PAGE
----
When Carla Stangenberg first came to Jaya Yoga to teach in 2000, just a few months after it opened, she felt the strong sense of community that was already starting to form. It was that connection that led her to take over the space a few years later, when the original owner was looking to move on. And it’s the same thing that helped inspire her to open a second location with her partner, Ramit Kreitner, and, most importantly, it’s what keeps the two of them returning day after day, watching their community grow — in so many ways.
“The people who’ve been coming in for years, they’re an amazingly inspired group of people,” Stangenberg says. “They want to grow with you — they want to know, ‘What is this all about?'”
Aside from the spiritual possibilities that could answer that question, the earthly ones have already been compelling. This year, Jaya Yoga celebrates its 15th anniversary in business at 1626 8th Avenue, and Jaya East celebrates its 5th anniversary at 2902 Fort Hamilton Parkway. In that time the they’ve seen their community develop and change — both crucially, in births and deaths, and topically, as new neighbors and businesses have moved in around them.
“We have all this history with each other,” Stangenberg says, “like a big fat extended family. It’s really something else, to be in community with other people for 15 years. You see so much.”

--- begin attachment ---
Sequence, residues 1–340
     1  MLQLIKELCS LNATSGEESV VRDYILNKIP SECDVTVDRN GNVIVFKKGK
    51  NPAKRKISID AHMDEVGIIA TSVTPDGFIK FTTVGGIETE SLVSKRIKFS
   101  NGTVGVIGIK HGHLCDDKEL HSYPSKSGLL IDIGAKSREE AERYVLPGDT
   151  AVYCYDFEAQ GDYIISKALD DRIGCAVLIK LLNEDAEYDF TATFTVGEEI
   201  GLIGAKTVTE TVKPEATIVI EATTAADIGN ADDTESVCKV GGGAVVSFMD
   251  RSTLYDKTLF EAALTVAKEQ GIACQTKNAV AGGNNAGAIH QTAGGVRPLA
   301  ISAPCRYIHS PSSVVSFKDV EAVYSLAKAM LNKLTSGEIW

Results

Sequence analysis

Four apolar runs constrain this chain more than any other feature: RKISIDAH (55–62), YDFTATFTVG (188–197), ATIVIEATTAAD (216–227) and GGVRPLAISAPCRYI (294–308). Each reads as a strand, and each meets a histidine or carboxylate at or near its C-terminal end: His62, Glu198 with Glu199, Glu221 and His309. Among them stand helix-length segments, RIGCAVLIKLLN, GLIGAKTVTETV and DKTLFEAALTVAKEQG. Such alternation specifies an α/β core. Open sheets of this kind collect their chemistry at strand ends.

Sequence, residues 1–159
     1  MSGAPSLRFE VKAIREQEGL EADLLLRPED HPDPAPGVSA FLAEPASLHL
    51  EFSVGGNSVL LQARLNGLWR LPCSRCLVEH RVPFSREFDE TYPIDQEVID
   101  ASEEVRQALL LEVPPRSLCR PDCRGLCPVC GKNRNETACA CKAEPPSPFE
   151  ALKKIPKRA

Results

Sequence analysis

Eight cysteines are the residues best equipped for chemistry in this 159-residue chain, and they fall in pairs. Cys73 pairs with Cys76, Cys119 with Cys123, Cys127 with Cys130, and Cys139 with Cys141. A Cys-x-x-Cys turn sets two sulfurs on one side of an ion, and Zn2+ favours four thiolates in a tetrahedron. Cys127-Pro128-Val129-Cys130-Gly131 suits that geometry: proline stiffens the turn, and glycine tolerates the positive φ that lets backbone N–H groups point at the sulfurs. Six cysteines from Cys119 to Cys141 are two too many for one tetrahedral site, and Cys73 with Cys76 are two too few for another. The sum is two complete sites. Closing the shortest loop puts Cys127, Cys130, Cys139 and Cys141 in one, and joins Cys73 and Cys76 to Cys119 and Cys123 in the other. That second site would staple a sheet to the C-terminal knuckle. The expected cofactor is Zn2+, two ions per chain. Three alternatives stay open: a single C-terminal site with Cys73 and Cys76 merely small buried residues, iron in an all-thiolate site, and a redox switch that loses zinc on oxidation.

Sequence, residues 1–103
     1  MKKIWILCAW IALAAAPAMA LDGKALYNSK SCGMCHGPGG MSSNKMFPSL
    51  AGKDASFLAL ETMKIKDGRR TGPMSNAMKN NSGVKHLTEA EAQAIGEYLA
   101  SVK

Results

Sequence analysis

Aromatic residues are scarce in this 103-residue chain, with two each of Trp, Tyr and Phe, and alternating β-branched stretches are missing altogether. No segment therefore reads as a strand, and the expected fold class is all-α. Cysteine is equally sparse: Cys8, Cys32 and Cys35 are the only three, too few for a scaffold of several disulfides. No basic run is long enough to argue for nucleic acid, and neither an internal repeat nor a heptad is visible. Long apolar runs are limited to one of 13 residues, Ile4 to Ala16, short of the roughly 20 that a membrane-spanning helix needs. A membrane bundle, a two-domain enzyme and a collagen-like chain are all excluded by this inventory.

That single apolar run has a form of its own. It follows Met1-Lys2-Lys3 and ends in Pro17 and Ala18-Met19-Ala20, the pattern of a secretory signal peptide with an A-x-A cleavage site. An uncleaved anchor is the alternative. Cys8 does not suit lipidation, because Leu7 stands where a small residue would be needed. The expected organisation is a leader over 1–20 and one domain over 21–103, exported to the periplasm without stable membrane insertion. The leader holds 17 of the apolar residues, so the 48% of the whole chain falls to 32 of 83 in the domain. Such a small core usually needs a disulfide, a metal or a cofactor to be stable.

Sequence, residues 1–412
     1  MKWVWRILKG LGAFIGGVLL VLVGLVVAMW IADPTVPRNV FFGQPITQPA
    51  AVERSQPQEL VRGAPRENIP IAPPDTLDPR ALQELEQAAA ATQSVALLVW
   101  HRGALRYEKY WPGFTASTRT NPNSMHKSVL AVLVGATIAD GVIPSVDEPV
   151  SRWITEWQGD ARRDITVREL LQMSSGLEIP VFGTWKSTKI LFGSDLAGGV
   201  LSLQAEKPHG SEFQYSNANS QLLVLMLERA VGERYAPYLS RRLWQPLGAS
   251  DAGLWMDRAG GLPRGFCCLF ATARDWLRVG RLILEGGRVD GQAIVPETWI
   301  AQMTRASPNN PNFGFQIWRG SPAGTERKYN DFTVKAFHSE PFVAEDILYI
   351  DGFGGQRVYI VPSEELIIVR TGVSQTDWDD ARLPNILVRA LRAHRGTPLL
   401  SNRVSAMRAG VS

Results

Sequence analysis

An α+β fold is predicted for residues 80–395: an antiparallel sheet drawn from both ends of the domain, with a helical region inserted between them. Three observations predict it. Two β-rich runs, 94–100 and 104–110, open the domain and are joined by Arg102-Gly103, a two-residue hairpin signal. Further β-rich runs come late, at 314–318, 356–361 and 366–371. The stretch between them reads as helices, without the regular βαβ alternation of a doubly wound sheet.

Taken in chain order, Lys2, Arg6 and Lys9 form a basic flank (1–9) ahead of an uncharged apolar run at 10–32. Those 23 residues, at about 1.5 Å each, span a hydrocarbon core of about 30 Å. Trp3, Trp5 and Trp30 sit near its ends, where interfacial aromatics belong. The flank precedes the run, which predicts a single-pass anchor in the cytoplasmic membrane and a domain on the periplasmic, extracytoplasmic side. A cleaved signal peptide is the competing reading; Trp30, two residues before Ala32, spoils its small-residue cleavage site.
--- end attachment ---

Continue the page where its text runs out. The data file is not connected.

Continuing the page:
Tucked away on a mostly residential block, the 8th Avenue location opened when the surrounding neighborhood didn’t have quite the big draw it does today — Connecticut Muffin was leading the soon-to-grow demand on Prospect Park West — and neither did yoga itself. Though these days you can pop into a class at any number of studios, that wasn’t the case in 2000. And even more rare was a place that only offered yoga, rather than, say, a gym that happened to have a few yoga classes. It was that aspect that attracted Kreitner to the space in 2007.
“Even though I live in Ditmas Park, about a mile and a half away, at the time, this was the closest place whose four walls were dedicated entirely to yoga,” she says. “I wanted an ashram-like quality, and I found it. I fell in love, quite literally, with the space, with the director, with the vibration of everything.”